Goaltending Key in Jets Quick Start

The Winnipeg Jets got off to their best five game start since moving to Winnipeg, and the franchises best since 2009 when they were still known as the Atlanta Thrashers. Going 4-2 to start the season, Winnipeg has proven thus far that last year was no fluke, and this team appears ready to take the next step.

One of the major reasons this team has found so much success early has been the play of their goaltenders, Ondrej Pavelec and Michael Hutchinson. Both have put up fantastic numbers so far this season and it has carried the Jets to a pretty strong start of the season.

Haunting Inconsistency

Jets goaltending had its moments last year, but they were inconsistent at best. Pavelec started the season rather shaky and was replaced by Hutchinson as the starter at around the 25 game mark. Hutchinson was brilliant as a starter for a while. There was even talk of him deserving to be an All-Star. Shortly after the break Hutchinson’s game began to slip. Whether it was fatigue or the pressure of the playoffs looming, Hutchinson returned to the back up role and watched Pavelec play almost the entire stretch run and into the playoffs.

Though the Jets ended last season with some stellar goaltending, the inconsistency throughout the year definitely affected them, both in the standings and mentally. When every night there is a question in the crease, the team plays differently in front. For the Jets to improve from last seasons result, the question mark in the net needed to go away.

Two Headed Monster

When a team has one goalie that can get the job done they are in good shape. However, if a team can get exceptional goaltending every night, even when their back-up is in, that team becomes very dangerous. That is what the tandem of Pavelec and Hutchinson has given the Jets this season and no matter who coach Paul Maurice chooses on any given night the Jets can win. The numbers speak for themselves. The Jets have given up 13 goals in their six games this year. Two of those have been empty netter. Both goaltenders have save percentages well into the .900’s, Pavelec at .926 and Hutchinson at .968. The goals against averages are just as impressive with the Jets allowing just 2.17 goals against per game.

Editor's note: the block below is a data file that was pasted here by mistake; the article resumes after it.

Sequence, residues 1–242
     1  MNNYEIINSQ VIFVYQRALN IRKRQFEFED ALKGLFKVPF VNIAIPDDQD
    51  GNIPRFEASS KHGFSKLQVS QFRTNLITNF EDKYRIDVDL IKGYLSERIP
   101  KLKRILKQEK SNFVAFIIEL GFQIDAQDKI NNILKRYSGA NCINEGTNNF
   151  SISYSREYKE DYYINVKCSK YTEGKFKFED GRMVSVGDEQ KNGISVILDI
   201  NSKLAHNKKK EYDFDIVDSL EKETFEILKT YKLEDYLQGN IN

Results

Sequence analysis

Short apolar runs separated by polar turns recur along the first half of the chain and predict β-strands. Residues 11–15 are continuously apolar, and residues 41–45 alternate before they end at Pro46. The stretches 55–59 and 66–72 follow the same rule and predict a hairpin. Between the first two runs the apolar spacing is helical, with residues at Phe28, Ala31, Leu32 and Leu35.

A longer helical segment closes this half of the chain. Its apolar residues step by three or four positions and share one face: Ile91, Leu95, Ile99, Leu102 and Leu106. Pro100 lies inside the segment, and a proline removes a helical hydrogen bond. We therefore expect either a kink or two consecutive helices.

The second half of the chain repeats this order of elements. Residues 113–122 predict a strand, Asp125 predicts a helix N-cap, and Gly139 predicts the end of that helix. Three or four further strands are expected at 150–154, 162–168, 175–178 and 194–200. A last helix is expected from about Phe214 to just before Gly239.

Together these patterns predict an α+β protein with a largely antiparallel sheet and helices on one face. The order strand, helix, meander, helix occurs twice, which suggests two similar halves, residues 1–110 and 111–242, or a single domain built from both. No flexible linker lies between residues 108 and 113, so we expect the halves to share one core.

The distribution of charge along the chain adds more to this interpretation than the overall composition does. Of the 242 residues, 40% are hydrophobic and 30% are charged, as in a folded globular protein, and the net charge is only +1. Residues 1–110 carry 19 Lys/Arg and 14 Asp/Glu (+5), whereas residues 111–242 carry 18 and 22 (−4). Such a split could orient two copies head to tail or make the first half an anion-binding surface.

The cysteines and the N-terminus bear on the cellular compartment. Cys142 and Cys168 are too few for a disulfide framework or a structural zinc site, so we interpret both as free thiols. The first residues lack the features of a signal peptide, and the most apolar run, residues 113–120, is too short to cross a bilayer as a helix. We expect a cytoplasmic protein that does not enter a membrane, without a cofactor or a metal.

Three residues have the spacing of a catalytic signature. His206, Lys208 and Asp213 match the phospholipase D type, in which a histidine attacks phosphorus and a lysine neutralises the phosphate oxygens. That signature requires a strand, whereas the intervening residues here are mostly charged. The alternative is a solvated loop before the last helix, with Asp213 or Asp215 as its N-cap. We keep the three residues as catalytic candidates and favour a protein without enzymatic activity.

As team stats go the goalies just stand out more. The Jets once again this season rank in the bottom five in shots against per game (33 shots), and minor penalties (23 minors). This puts a lot of pressure on the goaltenders, not just in the amount of shots but also the quality. Whether it be Pavelec or Hutchinson, the Jets have gotten what they need to succeed.

In every game this year the Jets have had a chance, often thanks to their goaltenders. In game 1 the Jets scored six goals, but the offense did not come until the second period. Winnipeg was out-shot 14-6 in the first and that game could have easily been 2 or 3-0 after the first had Pavelec not been rock solid. Game 2 had Hutchinson in the goal, 21 shots and 20 saves got the Jets to 2-0 on the year. Game 3 was Winnipeg’s first loss, but to put it on Pavelec would be ludicrous. Out-shot 44-24, the Jets were dominated all game, not to mention the 6 penalty kills they were forced into. Pavelec gave up three goals and gave the Jets a chance in a game they had no business being part of. This trend has continued in all six games this season, whomever is in net, the Jets have been given a great chance to win. It is unlikely these huge numbers will sustain all season, but if the Jets can get goaltending which ranks inside the top ten, they have the skill up front to win a lot of games. This team has clearly improved, and if their goaltending has as well, they become a frightening team in the Western Conference.